Publication: Eurasia Daily Monitor Volume: 2 Issue: 116

President Aliev listened to comments and criticisms from the Azeri populace.

On June 7, Azerbaijan Foreign Minister Elmar Mammadyarov made a sensational announcement. According to him, President Ilham Aliev plans an official visit to the United States, and Azerbaijan’s ambassador to Washington, Hafiz Pashayev, is in talks to determine the date of the visit.

The news, which might seem routine for others heads of state, is highly important for the Azerbaijani president and regional politics in general. For nearly two years, since his election to the presidency in October 2003, President Aliev has waited for an official invitation from U.S. President George W. Bush for him to visit Washington. While his Georgian and Ukrainian counterparts Mikheil Saakashvili and Viktor Yushchenko were given warm welcomes at the While House immediately after their elections, the extended delay in the invitation for Mr. Aliev had become embarrassing, to put it mildly. Aliev and Bush have met on several occasions during summits of international organizations, yet only a handful of Azerbaijani watchers believed these get-togethers could compensate for the humiliation that the Azerbaijani authorities were forced to experience.

The Azerbaijani opposition has cheered the cold shoulder from Washington, pointing to the allegations of election fraud in 2003 and the stated unwillingness of the American president to “work with authoritarian regimes.” Indeed, the majority of local experts believe that the 2004 U.S. presidential election made it impossible for the incumbent Bush to invite President Aliev to Washington, in order not to risk attacks from his opponents. The lack of democratic developments in Azerbaijan, particularly evident with the ban on public rallies and the crackdown on opposition parties, further delayed the invitation. This, in turn, worsened bilateral Azerbaijani-American political relations. In Azerbaijan, a country where symbolic gestures carry considerable significance, the lack of attention from the American political leadership was perceived as a slap in the face.

Immediately following the recent invitation, local analysts began speculating on the causes for the changed American attitude. Some believed that it was tied to the recent opening of the strategic Baku-Tbilisi-Ceyhan oil pipeline, actively supported by the White House. After all, U.S. Energy Secretary Samuel Bodman participated in the inauguration of the pipeline in May and brought with himself a congratulatory letter from President Bush. Others argued that the invitation was a reward for the Azerbaijani consent to host mobile American military bases. The rumors about such bases have been in the air for more than a year, and the repeated visits by U.S. Secretary of Defense Donald Rumsfeld to the Azerbaijani capital only further increased them. The ongoing negotiations over the Karabakh conflict and the seemingly growing rapprochement between the Azerbaijani and Armenian positions are cited as another possible reason for the invitation.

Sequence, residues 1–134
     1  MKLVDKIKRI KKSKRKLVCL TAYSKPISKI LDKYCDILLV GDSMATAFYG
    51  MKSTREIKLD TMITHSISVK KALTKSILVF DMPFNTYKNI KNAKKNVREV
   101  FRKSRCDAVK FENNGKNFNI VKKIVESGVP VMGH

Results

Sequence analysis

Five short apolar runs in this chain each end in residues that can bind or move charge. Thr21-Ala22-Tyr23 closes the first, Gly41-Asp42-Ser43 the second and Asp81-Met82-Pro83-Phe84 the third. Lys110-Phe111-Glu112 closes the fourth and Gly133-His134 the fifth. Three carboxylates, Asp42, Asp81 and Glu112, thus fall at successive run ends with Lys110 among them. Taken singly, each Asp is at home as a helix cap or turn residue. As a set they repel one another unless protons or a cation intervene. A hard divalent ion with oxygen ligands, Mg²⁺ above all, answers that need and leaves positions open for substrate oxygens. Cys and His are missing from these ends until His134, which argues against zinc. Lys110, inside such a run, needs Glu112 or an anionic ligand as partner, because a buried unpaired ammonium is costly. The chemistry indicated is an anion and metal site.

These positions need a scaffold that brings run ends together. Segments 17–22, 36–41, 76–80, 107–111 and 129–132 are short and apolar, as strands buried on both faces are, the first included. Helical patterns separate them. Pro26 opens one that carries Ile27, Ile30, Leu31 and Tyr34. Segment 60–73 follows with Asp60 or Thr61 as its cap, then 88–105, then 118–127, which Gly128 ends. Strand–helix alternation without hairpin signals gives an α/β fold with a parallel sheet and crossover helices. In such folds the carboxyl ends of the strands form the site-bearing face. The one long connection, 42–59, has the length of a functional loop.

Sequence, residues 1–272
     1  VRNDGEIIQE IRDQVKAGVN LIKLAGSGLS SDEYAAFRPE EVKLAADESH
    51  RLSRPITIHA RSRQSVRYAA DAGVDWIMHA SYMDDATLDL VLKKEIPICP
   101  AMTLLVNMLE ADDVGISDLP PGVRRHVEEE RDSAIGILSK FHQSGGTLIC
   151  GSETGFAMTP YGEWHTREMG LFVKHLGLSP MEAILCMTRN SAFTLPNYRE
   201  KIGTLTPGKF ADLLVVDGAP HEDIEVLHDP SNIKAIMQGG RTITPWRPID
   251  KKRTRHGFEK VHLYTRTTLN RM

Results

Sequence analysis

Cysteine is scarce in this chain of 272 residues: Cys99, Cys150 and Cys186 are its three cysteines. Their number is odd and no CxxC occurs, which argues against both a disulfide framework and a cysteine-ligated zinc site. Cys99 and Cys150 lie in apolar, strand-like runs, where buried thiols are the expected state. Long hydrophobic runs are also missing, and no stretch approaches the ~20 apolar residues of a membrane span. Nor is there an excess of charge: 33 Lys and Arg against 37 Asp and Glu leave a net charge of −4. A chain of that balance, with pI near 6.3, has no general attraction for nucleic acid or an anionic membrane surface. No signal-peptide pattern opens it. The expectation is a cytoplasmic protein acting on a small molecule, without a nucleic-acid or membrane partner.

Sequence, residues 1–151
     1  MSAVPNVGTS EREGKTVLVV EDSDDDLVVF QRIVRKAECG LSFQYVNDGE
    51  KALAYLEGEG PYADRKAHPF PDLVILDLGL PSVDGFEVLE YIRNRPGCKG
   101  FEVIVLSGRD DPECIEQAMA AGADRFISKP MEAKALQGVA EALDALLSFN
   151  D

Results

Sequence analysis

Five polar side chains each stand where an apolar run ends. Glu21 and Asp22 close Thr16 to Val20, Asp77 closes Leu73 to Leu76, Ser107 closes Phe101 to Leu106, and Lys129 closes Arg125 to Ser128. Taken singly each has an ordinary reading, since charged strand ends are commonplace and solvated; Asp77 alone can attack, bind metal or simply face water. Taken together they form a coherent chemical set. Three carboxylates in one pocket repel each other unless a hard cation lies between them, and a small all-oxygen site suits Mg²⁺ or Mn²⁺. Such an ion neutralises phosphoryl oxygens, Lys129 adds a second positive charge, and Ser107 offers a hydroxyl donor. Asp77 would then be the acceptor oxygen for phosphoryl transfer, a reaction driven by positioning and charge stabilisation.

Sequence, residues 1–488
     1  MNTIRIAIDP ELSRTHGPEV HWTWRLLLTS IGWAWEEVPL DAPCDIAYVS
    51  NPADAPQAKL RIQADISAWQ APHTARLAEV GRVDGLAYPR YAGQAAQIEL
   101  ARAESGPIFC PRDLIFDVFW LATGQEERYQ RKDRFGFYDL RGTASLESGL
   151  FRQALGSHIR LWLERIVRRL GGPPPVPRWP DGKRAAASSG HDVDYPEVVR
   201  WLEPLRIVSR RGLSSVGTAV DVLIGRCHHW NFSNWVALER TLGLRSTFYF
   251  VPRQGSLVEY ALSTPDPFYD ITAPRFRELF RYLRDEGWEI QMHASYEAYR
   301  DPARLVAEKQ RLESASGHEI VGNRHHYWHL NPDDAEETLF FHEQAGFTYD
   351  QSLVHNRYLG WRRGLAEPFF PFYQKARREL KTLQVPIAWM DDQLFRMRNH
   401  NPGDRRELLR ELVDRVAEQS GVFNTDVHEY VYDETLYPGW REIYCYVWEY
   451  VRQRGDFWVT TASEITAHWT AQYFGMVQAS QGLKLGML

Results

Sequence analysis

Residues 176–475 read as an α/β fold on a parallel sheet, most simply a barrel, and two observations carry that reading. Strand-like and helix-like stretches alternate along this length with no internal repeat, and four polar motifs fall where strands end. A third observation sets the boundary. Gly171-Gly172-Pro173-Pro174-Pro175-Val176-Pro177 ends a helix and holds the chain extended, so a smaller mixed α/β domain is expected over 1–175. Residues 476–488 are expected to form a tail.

Yet, there are also those who believe that the invitation from President Bush is related to the November parliamentary elections in Azerbaijan and the desire of the American policymakers to encourage free-and-fair elections. This interest can be tied to President Bush’s recent drive for freedom and democracy in the world, and his enthusiastic support for democratic reforms in the post-Soviet space and Middle East, shown during his visit to the Georgian capital, Tbilisi, last month.

Indeed, experts on Azerbaijani politics believe that only through engagement and active lobbying can the U.S. administration achieve tangible results in this country. Immediately after the U.S. State Department condemned the crackdown on the Azeri opposition rally on May 21, the Azerbaijani authorities, for the first time in 19 months, allowed the opposition to stage a street demonstration on June 4. And it is not a coincidence that the invitation from the White House came at a time when Senator Charles Hagel (R-NE), chairman of the Senate’s Foreign Relations Committee’s Subcommittee on International Economic Policy, Export, and Trade Promotion, visited the Azerbaijani capital and stressed the importance of democratic elections.. “At the meeting with President Ilham Aliev we discussed the necessity of providing transparency, fairness, and democratic parliamentary elections,” Senator Hagel reported during the press conference in Baku. Similarly, on June 7, President Bush sent a letter to the 12th Caspian Oil and Gas Exhibition, once again showing the growing American attention to the Caucasus region.

Sources close to diplomatic circles say that the American administration will use Aliev’s visit as an opportunity to show their support for more political and economic reforms in Azerbaijan. This, in turn, might untie President Aliev’s hands in his efforts to modernize the country and fight the conservative old guard that maintains tight control over the political and economic life of the nation.